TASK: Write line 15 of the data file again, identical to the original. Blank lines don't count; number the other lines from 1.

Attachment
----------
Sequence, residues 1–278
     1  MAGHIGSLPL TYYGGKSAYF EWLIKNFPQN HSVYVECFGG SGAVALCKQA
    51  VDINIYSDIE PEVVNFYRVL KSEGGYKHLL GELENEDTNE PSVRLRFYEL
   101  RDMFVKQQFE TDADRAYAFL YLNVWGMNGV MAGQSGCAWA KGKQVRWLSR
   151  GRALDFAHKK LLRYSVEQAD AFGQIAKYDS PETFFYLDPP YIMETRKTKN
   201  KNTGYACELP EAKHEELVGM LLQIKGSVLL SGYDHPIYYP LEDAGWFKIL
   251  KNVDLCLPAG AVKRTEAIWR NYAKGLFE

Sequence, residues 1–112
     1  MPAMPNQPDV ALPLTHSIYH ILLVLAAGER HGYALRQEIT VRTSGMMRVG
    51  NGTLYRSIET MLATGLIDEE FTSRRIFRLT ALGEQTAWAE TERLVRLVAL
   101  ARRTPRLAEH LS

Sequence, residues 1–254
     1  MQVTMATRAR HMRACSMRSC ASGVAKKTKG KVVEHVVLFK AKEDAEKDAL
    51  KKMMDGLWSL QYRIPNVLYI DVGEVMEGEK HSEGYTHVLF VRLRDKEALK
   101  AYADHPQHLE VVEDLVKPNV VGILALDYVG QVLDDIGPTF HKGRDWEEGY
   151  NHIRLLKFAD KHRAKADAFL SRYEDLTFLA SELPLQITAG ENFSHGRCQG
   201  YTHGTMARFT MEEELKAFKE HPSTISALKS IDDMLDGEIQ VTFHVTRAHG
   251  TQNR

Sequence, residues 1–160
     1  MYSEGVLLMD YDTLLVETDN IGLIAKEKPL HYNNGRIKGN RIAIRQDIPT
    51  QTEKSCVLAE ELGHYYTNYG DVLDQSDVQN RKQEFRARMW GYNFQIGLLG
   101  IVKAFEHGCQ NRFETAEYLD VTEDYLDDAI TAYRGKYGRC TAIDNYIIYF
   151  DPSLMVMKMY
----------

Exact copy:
   101  AYADHPQHLE VVEDLVKPNV VGILALDYVG QVLDDIGPTF HKGRDWEEGY